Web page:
In the next two-three days, if these news reports have any credibility, I would think that a counter bid would be coming through. I do not think the Tatas should be in a hurry to raise their offers until we see any real competition coming through. As I have said, at current valuations, it is fair because without the deal stock, it is worth much less.
What is your sense looking at the whole picture globally- would you expect other rival bids to come in to match Tata's or better it?
Buxton: I think many of the other steel companies, which have been mentioned have the same thinking behind such a deal. It would not surprise me to see further bids nurture later this week.
Looking at what Corus does, as a business, and its financials, when does it become a stretch for Tata Steel in terms of what it offers?
Bhatia: We think that this deal adds value up to 525 pence for the Tatas. We feel that the value of synergies that we expect from this deal will become negative if it bids above that.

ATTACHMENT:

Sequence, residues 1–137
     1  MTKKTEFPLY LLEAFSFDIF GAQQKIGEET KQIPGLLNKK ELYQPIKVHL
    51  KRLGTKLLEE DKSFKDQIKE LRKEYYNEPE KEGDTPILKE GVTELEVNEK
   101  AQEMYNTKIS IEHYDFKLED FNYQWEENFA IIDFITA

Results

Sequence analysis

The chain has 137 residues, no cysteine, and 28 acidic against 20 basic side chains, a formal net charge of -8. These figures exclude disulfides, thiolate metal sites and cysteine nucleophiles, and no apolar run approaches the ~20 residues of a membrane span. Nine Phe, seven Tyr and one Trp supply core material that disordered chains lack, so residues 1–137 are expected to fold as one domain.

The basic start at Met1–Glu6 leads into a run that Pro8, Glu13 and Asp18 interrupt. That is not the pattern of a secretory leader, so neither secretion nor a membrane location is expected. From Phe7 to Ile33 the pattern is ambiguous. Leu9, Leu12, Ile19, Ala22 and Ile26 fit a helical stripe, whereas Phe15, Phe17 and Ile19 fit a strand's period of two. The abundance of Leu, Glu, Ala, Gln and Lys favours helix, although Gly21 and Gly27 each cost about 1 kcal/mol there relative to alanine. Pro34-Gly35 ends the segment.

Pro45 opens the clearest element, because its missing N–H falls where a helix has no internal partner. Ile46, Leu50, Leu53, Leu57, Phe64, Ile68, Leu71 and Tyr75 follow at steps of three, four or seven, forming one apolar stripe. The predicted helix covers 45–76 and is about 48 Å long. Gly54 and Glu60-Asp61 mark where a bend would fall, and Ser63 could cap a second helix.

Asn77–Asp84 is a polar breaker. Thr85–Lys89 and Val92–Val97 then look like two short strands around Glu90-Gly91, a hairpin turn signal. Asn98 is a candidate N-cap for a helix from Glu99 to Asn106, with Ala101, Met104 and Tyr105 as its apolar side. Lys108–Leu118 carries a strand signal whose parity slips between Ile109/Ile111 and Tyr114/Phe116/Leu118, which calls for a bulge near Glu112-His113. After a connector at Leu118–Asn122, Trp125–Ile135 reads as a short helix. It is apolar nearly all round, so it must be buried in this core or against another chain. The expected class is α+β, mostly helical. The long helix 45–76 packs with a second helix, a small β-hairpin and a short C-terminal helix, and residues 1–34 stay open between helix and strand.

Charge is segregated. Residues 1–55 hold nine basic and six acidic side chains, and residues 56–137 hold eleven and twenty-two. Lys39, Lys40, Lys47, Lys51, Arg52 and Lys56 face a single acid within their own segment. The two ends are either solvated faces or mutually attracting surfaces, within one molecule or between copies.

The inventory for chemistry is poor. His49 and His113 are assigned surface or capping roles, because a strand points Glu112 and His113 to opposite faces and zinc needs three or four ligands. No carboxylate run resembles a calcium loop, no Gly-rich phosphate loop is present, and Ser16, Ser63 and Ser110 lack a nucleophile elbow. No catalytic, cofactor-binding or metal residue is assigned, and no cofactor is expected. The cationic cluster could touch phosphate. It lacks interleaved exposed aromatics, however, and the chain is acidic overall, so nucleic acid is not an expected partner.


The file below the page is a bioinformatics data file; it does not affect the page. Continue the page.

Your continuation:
So the highest price should be 525 pence. But that does not mean that you should bid at that price because there are risks involved always, and a lot of hard work has to go through if those synergies have to come through.
So it is not necessary that you have to pay off all the synergies in the bid price. So let's wait and see, but we feel the answer is 525 pence.
Does it strike you as a fair enough enterprise value that Tata Steel has put to Corus? Do you think, going by what you are seeing at this point in terms of counter bids, that this might go the Mittal-Arcelor way?
Buxton: I think ThyssenKrupp and particularly Severstal are the other companies involved. Certainly, there is the potential for a higher bid to come in from our perspective.
Which of the global companies do you think might throw their hat in the ring over the next one-week or so?
Buxton: The most obvious one is SeverStal and CSN of Brazil. But you cannot rule out ThyssenKrupp. ThyssenKrupp would probably just be interested in the flat product operations of Corus and would probably sell the long products division.